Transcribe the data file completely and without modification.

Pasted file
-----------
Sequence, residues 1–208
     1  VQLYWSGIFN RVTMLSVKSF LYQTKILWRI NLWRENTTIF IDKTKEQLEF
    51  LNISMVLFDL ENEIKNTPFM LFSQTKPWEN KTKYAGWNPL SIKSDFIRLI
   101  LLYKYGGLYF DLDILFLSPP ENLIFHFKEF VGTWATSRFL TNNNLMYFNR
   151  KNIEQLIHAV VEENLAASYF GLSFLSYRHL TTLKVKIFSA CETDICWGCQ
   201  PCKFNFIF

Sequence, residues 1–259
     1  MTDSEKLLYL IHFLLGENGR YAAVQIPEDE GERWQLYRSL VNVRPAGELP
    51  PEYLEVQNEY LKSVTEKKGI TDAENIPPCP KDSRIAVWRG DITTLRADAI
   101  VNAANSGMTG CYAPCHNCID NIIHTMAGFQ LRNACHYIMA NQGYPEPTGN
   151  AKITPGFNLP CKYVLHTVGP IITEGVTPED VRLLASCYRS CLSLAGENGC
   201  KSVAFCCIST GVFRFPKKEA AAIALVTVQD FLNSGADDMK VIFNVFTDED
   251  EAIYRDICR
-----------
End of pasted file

Sequence, residues 1–208
     1  VQLYWSGIFN RVTMLSVKSF LYQTKILWRI NLWRENTTIF IDKTKEQLEF
    51  LNISMVLFDL ENEIKNTPFM LFSQTKPWEN KTKYAGWNPL SIKSDFIRLI
   101  LLYKYGGLYF DLDILFLSPP ENLIFHFKEF VGTWATSRFL TNNNLMYFNR
   151  KNIEQLIHAV VEENLAASYF GLSFLSYRHL TTLKVKIFSA CETDICWGCQ
   201  PCKFNFIF

Sequence, residues 1–259
     1  MTDSEKLLYL IHFLLGENGR YAAVQIPEDE GERWQLYRSL VNVRPAGELP
    51  PEYLEVQNEY LKSVTEKKGI TDAENIPPCP KDSRIAVWRG DITTLRADAI
   101  VNAANSGMTG CYAPCHNCID NIIHTMAGFQ LRNACHYIMA NQGYPEPTGN
   151  AKITPGFNLP CKYVLHTVGP IITEGVTPED VRLLASCYRS CLSLAGENGC
   201  KSVAFCCIST GVFRFPKKEA AAIALVTVQD FLNSGADDMK VIFNVFTDED
   251  EAIYRDICR